There is another grave concern expressed by many city taxpayers, and that is about process. Democracy is a slow, ungainly system given to discussion, debate and, eventually, compromise. The key is educating the citizenry and respecting the majority's opinion. There's a disquieting suspicion that this whole matter has been unnecessarily rushed and all its ramifications haven't been fully explored. To me, the referendum petition and lawsuit are to allow time for discussion — all sides publicly heard — then a citizen's referendum, the result of which will settle the immediate issue.

Referenda are very democratic. Why not give that a chance?

Christopher F. Manning


City needs a do-over on zoning overhaul

Many on the Rockland City Council who recently moved to Rockland seem to resent my questioning their assumptions. Before I retired, while maintaining a full-time legal practice, I served as chairman of the school board, attorney for the city of Rockland and judge of probate for Knox County.

In all those positions, facts and citing law were of utmost importance.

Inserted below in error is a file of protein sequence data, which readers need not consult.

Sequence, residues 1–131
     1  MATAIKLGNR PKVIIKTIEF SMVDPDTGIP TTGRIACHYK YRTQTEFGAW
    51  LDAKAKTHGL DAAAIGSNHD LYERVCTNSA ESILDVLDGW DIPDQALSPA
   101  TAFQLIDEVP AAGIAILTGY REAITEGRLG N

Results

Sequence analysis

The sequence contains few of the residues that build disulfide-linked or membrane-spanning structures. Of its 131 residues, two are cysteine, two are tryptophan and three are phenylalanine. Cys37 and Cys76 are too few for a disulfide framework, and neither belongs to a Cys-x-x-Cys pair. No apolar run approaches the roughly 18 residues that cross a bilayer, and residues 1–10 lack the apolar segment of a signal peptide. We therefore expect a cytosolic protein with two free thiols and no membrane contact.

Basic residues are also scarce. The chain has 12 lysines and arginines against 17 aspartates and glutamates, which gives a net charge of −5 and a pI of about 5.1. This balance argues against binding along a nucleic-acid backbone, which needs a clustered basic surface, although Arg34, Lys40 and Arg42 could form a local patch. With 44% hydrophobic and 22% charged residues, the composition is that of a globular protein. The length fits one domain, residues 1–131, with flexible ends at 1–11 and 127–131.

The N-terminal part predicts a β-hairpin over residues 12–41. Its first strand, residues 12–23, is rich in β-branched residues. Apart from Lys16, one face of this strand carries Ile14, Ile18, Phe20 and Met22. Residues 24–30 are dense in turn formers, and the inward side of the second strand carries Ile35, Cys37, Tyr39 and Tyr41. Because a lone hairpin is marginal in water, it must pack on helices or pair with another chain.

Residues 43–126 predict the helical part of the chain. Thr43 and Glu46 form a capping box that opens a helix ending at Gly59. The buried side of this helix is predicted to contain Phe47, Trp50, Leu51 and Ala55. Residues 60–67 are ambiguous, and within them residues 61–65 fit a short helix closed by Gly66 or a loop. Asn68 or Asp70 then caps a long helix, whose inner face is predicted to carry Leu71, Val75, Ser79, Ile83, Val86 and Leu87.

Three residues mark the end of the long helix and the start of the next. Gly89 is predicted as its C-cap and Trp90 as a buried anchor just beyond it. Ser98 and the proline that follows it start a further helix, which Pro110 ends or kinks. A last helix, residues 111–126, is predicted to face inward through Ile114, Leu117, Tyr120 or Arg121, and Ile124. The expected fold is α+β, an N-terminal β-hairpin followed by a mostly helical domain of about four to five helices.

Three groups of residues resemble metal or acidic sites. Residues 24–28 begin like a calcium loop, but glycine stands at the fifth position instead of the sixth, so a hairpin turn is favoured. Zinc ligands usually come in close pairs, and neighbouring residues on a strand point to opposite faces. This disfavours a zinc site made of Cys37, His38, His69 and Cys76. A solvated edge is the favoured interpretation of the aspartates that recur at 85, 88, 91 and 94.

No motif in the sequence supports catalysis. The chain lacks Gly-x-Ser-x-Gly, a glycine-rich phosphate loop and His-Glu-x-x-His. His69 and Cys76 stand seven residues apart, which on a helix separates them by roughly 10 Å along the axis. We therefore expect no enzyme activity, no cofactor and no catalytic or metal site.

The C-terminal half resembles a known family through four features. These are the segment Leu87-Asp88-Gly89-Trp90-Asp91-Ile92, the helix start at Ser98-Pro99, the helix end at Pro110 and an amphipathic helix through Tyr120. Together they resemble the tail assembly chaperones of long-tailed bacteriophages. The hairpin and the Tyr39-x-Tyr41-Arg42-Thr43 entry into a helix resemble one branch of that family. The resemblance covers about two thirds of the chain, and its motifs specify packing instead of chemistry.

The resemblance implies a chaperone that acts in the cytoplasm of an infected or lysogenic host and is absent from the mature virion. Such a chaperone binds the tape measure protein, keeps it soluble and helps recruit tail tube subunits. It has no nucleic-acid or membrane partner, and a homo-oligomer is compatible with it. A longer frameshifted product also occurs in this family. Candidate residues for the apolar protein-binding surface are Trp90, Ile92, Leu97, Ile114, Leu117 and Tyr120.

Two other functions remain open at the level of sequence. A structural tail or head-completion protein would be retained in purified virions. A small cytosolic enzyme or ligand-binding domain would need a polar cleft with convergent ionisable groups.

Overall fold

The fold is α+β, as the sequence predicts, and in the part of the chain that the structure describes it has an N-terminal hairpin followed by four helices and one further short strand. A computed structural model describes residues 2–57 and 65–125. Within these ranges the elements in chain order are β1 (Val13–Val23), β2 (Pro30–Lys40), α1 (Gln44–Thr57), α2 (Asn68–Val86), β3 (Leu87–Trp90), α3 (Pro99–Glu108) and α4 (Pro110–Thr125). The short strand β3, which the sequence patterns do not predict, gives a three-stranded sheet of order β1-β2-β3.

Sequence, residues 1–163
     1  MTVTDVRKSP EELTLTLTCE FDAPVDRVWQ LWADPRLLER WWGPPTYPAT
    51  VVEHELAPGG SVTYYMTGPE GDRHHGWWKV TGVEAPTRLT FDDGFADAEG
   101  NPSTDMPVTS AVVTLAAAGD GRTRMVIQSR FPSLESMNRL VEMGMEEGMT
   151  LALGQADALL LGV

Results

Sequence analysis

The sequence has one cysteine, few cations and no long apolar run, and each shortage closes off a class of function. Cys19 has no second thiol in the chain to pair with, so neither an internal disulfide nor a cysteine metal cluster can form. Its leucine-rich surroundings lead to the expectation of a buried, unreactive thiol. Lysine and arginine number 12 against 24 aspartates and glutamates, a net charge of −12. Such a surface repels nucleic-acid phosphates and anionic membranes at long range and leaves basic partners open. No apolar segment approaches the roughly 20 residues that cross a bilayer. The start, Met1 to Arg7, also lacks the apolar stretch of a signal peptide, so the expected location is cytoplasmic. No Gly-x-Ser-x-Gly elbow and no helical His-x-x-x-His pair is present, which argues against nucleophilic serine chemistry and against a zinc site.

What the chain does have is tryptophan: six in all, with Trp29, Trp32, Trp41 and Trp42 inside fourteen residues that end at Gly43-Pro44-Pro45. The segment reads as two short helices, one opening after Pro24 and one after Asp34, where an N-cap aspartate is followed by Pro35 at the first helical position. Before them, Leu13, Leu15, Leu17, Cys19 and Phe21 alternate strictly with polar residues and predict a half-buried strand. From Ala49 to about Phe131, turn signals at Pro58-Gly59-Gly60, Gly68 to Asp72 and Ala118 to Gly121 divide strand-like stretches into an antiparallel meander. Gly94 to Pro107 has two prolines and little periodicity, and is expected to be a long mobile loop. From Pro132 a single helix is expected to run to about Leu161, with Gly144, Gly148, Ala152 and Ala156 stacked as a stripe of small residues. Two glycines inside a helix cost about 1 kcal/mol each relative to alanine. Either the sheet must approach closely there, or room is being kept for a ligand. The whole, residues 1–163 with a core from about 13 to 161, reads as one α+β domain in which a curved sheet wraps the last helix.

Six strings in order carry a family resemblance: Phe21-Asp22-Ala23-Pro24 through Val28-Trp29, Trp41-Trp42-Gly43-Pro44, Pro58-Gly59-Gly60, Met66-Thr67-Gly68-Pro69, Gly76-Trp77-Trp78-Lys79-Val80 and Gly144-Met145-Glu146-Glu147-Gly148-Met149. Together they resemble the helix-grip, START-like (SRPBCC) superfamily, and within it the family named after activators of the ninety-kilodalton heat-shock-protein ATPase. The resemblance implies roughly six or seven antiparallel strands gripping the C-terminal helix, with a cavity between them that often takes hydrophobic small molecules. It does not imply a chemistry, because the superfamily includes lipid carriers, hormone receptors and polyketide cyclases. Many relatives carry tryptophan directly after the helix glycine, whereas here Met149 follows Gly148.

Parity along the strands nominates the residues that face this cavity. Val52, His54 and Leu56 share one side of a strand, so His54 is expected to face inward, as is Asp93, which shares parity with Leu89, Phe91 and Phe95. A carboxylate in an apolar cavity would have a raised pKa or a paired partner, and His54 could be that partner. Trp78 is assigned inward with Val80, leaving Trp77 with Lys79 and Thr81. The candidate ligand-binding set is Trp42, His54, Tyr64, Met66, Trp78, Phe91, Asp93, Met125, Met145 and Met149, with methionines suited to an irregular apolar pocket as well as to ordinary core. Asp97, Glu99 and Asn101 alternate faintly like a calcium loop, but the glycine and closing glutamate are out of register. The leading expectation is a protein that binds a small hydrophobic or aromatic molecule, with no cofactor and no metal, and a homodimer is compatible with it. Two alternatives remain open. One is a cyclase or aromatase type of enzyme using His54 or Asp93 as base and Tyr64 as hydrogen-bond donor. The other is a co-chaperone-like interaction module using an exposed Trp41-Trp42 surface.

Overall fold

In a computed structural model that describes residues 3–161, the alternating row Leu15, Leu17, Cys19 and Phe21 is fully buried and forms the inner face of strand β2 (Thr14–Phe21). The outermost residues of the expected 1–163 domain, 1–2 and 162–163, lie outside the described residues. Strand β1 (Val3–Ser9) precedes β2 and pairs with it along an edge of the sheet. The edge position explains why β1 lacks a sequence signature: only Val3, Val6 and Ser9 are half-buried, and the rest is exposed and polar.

Assumptions were always questioned, and no one was shut out of the process.

The law in the state of Maine is the Maine Revised Statutes Annotated, or MRSA.

MRSA Title 30-A Section 4325 is the law entitled Zoning Ordinances.

“#1 Public participation required.

The public shall be given an adequate opportunity to be heard in the preparation of a zoning ordinance. “

“#2 Relation to Comprehensive Plan.

A zoning ordinance must be pursuant to and consistent with a Comprehensive Plan adopted by the municipal legislative body.”

On Dec. 27, 2018, The Comprehensive Planning Commission sent a memorandum to the mayor and the city councilors:

“The Comprehensive Planning Commission recommends postponing the vote on Ordinance Amendment #48," saying “Although it encourages infill development, it is very specific to which zones and repeatedly mentions 'infill which reflects the existing character of the neighborhood.'"